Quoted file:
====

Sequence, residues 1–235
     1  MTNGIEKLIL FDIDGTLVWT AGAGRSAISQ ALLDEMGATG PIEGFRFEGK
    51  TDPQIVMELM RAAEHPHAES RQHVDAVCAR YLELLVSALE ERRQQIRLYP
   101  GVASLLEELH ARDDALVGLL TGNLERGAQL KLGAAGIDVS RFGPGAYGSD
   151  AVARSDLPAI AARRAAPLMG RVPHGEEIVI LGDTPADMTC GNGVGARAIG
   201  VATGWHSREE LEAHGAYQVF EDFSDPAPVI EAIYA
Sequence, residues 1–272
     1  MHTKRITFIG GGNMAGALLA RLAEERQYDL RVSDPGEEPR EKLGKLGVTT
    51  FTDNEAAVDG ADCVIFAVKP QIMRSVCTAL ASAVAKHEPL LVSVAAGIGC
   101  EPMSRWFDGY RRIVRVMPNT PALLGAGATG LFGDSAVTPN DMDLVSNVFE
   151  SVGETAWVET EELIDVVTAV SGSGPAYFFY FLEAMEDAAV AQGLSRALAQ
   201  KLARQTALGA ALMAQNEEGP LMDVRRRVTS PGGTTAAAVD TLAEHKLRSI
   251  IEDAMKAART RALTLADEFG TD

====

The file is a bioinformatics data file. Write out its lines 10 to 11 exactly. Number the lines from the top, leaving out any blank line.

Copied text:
   101  EPMSRWFDGY RRIVRVMPNT PALLGAGATG LFGDSAVTPN DMDLVSNVFE
   151  SVGETAWVET EELIDVVTAV SGSGPAYFFY FLEAMEDAAV AQGLSRALAQ